Art Theft: One Of The Most Intriguing and Famous Cases in History



Art theft is an ancient and complex criminal activity. When you look at the some of the most popular cases of art thefts in history, you see thoroughly planned operations that involve art dealers, art fakers, mobsters, ransoms, and countless dollars. Here you can check out about a few of the most popular cases of art theft in the history.

The First Theft:
The first recorded case of art theft was in 1473, when 2 panels of altarpiece of the Last Judgment by the Dutch painter Hans Memling were taken. While the triptych was being transferred by ship from the Netherlands to Florence, the ship was attacked by pirates who took it to the Gdansk cathedral in Poland. Nowadays, the piece is revealed at the National Museum in Gdansk where it was just recently moved from the Basilica of the Presumption.

The Many Famous Theft:
The most famous story of art theft includes one of the most popular paintings in the world and among the most well-known artists in history as a suspect. In the night of August 21, 1911, the Mona Lisa was stolen out of the Louver. Not long after, Pablo Picasso was apprehended and questioned by the authorities, but was launched quickly.

It turned out that the 30 × 21 inch painting was taken by one of the museum employees by the name of Vincenzo Peruggia, who merely brought it concealed under his coat. The criminal activity was carefully carried out by a notorious con male, Eduardo de Valfierno, who was sent by an art faker who planned to make copies and sell them as if they were the original painting.

While Yves Chaudron, the art faker, was busy creating copies for the famous masterpiece, Mona Lisa was still concealed at Peruggias home. Ultimately, Peruggia was captured by the police while attempting to sell the painting to an art dealer from Florence, Italy. https://kurtcriter.wordpress.com/

The Most significant Theft in the U.S.A:
The greatest art theft in United States took location at the Isabella Stewart Gardner Museum. On the night of March 18, 1990, a group of burglars wearing https://www.spokeo.com/Kurt-Criter cops uniforms burglarized the museum and took thirteen paintings whose cumulative value was approximated at around 300 million dollars. The thieves took two paintings and one print by Rembrandt, and works of Vermeer, Manet, Degas, Govaert Flinck, in addition to a French and a Chinese artifact.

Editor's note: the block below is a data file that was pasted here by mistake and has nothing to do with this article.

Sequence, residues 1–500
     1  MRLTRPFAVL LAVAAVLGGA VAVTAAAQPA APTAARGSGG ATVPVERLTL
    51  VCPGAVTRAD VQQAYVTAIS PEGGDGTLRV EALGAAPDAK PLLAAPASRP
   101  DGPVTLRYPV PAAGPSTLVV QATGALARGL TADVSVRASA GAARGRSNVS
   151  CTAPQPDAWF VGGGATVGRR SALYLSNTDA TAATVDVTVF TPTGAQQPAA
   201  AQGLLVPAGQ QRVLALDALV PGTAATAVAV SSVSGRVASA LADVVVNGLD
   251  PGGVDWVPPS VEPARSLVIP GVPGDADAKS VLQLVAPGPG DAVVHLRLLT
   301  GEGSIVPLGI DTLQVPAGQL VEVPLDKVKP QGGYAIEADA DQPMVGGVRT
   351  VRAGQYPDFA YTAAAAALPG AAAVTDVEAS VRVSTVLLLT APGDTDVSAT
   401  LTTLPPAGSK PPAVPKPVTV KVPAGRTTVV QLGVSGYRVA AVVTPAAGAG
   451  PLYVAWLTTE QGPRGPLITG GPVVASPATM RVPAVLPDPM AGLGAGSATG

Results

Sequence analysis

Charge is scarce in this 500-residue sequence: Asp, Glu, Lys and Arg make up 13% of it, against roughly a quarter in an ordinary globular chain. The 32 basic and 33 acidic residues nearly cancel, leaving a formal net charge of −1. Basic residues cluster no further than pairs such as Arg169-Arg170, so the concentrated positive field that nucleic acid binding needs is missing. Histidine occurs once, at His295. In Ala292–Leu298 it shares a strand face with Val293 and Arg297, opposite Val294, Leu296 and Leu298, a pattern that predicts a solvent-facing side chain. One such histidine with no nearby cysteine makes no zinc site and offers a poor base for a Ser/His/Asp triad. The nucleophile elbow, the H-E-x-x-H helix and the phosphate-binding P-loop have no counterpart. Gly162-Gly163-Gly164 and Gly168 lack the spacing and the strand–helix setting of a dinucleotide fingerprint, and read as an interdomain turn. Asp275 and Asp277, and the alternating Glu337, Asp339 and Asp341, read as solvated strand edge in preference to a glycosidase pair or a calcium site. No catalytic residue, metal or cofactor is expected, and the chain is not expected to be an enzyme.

As of yet, none of the paintings have actually been found and the case is still unsolved. Inning accordance with current rumors, the FBI are examining the possibility that the Boston Mob along with French art dealerships are linked to the crime.

The Scream:
The painting by Edvard Munchs, The Scream, is most likely the most searched for painting by art burglars in history. It has been stolen two times and was only recently recovered. In 1994, during the Winter Olympics in Lillehammer, Norway, The Scream was taken from an Oslo gallery by two thieves who broke through an open window, set off the alarm and left a note saying: thanks for the poor security.

Three months later on, the holders of the painting approached the Norwegian Federal government with an offer: 1 million dollars ransom for Edvard Munchs The Scream. The Federal government refused the offer, however the Norwegian authorities worked together with the British Cops and the Getty Museum to organize a sting operation that revived the painting to where it belongs.

Ten years later, The Scream was taken once again from the Munch Museum. This time, the robbers used a gun and took another of Munchs painting with them. While Museum officials waiting for the burglars to demand ransom cash, reports declared that both paintings were burned to hide proof. Ultimately, the Norwegian cops found the 2 paintings on August 31, https://medium.com/@kurtcriter 2006 but the realities on how they were recuperated are not known.


When you look at the some of the most famous cases of art thefts in history, you see thoroughly prepared operations that involve art dealers, art fakers, mobsters, ransoms, and millions of dollars. The most famous story of art theft involves one of the most well-known paintings in the world and one of the most well-known artists in history as a suspect. The crime was thoroughly carried out by a notorious con male, Eduardo de Valfierno, who was sent out by an art faker who meant to make copies and sell them as if they were the initial painting.

Eventually, Peruggia was caught by the cops while trying to offer the painting to an art dealership from Florence, Italy. The painting by Edvard Munchs, The Scream, is probably the most looked for after painting by art thieves in history.

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